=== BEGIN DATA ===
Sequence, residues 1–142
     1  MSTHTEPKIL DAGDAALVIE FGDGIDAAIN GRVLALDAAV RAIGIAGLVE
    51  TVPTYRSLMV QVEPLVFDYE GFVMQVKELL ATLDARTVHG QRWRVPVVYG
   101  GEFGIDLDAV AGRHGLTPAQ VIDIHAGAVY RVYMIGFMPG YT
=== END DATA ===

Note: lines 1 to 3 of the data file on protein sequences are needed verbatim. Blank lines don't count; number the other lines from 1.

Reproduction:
Sequence, residues 1–142
     1  MSTHTEPKIL DAGDAALVIE FGDGIDAAIN GRVLALDAAV RAIGIAGLVE
    51  TVPTYRSLMV QVEPLVFDYE GFVMQVKELL ATLDARTVHG QRWRVPVVYG